Monday, April 13, 2015

April 13 - Dear Nicholas Sparks (Guest Blogger Elaine Moats)

Dear Mr. Sparks,

I cannot believe 14 years have past by since our family 1st learned about CDH. Like they say "How time flies when you are having FUN!!" I am thankful for each day we have had with our Kristin after the rocky start she had. I won’t go into a lot of detail about our CDH journey because it is like so many of yours but I will share alittle. We live in a rural community in SE Montana with the population of 8500 people. My pregnancy was pretty uneventful. I had 3 ultrasounds in the first trimester because the doctor had trouble finding a heart beat. After that things went smoothly until my 8th month when my blood pressure would not stay under control. So at 37 weeks gestation the doctor induced labor. Like everyone we were anxious to hold our new baby, count toes, fingers and give kisses. Baby Kristin started having distress in the birth canal, they had no time for a C-Section so it was "Hang on Elaine" and life has not been the same since! The nurses were cleaning Kristin up and the doctor was sewing me up when he said "Do you need any help?" and the nurses said (as they ran out the door) "We’re going to the nursery, what is her name?" Next thing I knew I was alone wondering what was wrong. Kristin was born at 4:10 pm, the transport team from Denver, Colorado was here by 7 pm and by 10 pm we were on the jet to Denver. We would have been gone sooner but the team had trouble stabilizing Kristin. Kristin had no diaphragm at all on her left side and was fully paralyzed with drugs and incubated at 6 minutes of age. She was born with CDH, pulmonary hypoplasia, severe pulmonary hypertension and atrial septal defect. Our hometown doctor and nurses had never seen a baby like this so needless to say no one thought Kristin would live for very long. The nurses told my parents to say goodbye to her for the last time and my doctor released me to go with the team to Denver. Kristin had her surgery to fix her diaphragm at 9am the next morning. They performed it in the NICU because she was too ill to be moved to surgery. At that time Children’s Hospital of Denver was in the process of doing research on the effects of nitric oxide on different breathing problems. They had used it on 9 other children; Kristin was the first CDH child to have this treatment. It took the place of ECMO and worked great for Kristin so in this she was a pioneer. Nitric Oxide has been FDA approved since then. For 2 weeks the doctors kept telling us to be prepared for Kristin not to make it. But she proved them wrong and I got to finally hold my precious daughter at 2 ½ weeks old. What a wonderful day!! After a month at Children’s Hospital we were flown home to our local hospital. In the next 3 months we were in the hospital more than home. We could not keep Kristin’s right lung clear and her oxygen needs were increasing. Back on the plane to Denver we went. What a relief for me that was, to be going back to a hospital where they have dealt with other children that have CDH. Don’t get me wrong we had good care from the doctors at home but they knew when they had reached their limit, as far a Kristin was concerned. Children’s Hospital found out Kristin had been refluxing and that had caused all the infections in her lung. Back to surgery she went. She had a Thal Fundoplication and a G-tube was placed in her stomach. It didn’t take long for her lung to clear and for Kristin to stop nippling her bottle and become G-tube dependent. At 1 year of age Kristin had her ASD of her heart closed in hopes that she would come off oxygen. No such luck! That took another 13 months. See Kristin has never gone by the book on anything and still doesn’t! HA! For the first 3 years we pretty much kept Kristin secluded from people to try and give her lung a chance to develop without catching a cold or some other "bug". Our family called her the "bubble baby." Then once we were brave enough to take her out she was quite the "Velcro baby" pretty attached to mom and dad. To this day she is still afraid of most men (must be from all the doctors) but I know that won’t last till she is 30 years old like I would like! HA! It took until she was 4 ½ years old to get rid of the G-tube feeds. This battle is common with a lot of the Cherubs and since I love my food that was one of the most puzzling battles we faced with Kristin. One doctor wanted me to starve her into making her eat but I just could not do that. She is still not the greatest eater and is under weight for her age but she had been holding her own. Kristin’s reign as head of our household ended in 1996 when her sister Brittany was born. Brittany was a surprise from start to finish. Let’s just say both my girls like to make a GRAND entrance into this world. Brittany did not have CDH but was 2 months premature and had a leftsided lower ingernal hernia, which was repaired at 2 months of age. Kristin’s left lung never did grow much to be a lot of help in her breathing but that doesn’t stop her much. She would love to play sports but found out this summer at a girls basketball camp that she just can't keep up with them (and that was playing half court). So this fall she tried girls volleyball and LOVED it. She is also cheerleading for girls and boys basketball this winter so that will keep her happy. As far as colds and such go she sure handles them well. Her colds seem to stay in her sinuses, which is okay with us. Like I said at the beginning of this can’t believe we have come this far but we finally feel like a ‘normal’ family (whatever normal may mean!). My heart smiles when people learn about Kristin's medical history and they say, "Boy to look at her you would never guess she has been through so much." It has been a long journey but a rewarding one in the people we have met. Having a child with a disability sure puts your life into the proper perspective and we thank God each day for our little miracle Kristin Marie. Sometimes we felt we were the only ones going through this journey but since Cherubs has been started that has been a thought of the past. Before Kristin was born we had never heard of CDH. We have learned a lot since then. Before the Internet the only place to gather CDH information was the library. We spent many hours in the Children’s Hospital library reading about CDH. We came away thinking Kristin would only live to the age of 10 or 12. But as we found out in 1992 the medical technology to save CDH children was only that old. Research needs to continue and there needs to be more information about CDH out there. With Cherubs help we will get it out there so no parent has to wonder what is CDH or be alone in their CDH journey.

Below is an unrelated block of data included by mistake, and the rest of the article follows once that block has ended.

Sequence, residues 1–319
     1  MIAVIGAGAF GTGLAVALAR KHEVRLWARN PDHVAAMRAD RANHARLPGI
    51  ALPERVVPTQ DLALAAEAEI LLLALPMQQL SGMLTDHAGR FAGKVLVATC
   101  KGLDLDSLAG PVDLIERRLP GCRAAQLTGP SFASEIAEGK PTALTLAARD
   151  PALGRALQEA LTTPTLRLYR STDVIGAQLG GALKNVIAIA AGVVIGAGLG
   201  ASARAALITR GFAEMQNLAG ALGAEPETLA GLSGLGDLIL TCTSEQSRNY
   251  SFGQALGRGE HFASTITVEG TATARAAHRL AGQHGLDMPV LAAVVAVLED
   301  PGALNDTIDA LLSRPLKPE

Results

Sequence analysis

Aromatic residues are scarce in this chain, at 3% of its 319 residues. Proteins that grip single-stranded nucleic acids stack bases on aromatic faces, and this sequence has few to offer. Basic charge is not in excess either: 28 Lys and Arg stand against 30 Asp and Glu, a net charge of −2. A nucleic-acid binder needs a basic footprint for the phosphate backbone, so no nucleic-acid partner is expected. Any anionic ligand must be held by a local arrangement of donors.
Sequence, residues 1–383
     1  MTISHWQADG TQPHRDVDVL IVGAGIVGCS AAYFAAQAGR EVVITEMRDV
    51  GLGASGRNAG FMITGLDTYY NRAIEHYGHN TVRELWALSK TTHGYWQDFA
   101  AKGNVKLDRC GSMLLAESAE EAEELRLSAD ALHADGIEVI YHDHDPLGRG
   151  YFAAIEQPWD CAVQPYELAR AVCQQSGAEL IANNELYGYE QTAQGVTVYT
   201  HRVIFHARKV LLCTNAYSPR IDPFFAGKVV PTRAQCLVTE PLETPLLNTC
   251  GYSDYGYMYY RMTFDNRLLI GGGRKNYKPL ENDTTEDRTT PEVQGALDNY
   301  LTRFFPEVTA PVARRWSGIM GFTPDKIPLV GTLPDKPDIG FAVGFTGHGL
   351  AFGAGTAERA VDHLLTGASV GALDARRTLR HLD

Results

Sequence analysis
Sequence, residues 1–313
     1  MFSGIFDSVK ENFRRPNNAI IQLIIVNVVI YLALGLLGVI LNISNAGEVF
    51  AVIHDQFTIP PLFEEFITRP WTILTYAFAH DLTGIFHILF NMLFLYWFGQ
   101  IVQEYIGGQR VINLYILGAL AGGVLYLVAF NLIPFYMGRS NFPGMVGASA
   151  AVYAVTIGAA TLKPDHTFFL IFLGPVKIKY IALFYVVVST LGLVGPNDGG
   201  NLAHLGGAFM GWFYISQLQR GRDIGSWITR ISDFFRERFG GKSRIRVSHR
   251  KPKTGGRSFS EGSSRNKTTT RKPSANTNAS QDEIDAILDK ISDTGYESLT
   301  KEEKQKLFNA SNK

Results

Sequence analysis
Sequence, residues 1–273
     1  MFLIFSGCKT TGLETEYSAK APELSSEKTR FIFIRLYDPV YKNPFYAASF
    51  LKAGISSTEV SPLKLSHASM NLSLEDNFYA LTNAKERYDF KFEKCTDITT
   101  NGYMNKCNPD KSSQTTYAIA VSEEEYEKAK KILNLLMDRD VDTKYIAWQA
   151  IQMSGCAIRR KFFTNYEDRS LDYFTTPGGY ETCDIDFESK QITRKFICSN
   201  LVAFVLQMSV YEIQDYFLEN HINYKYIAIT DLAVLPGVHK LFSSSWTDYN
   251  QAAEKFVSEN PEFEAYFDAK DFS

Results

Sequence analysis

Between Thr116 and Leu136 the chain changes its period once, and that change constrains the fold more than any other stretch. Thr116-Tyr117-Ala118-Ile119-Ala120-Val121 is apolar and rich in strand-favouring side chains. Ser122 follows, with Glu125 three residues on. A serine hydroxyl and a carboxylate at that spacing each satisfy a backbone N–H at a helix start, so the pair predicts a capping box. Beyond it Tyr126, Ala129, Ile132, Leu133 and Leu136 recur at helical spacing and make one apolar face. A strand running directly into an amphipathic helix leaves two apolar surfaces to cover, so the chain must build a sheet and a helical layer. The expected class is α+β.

Written by Kristin's mom, Elaine Moats (Montana)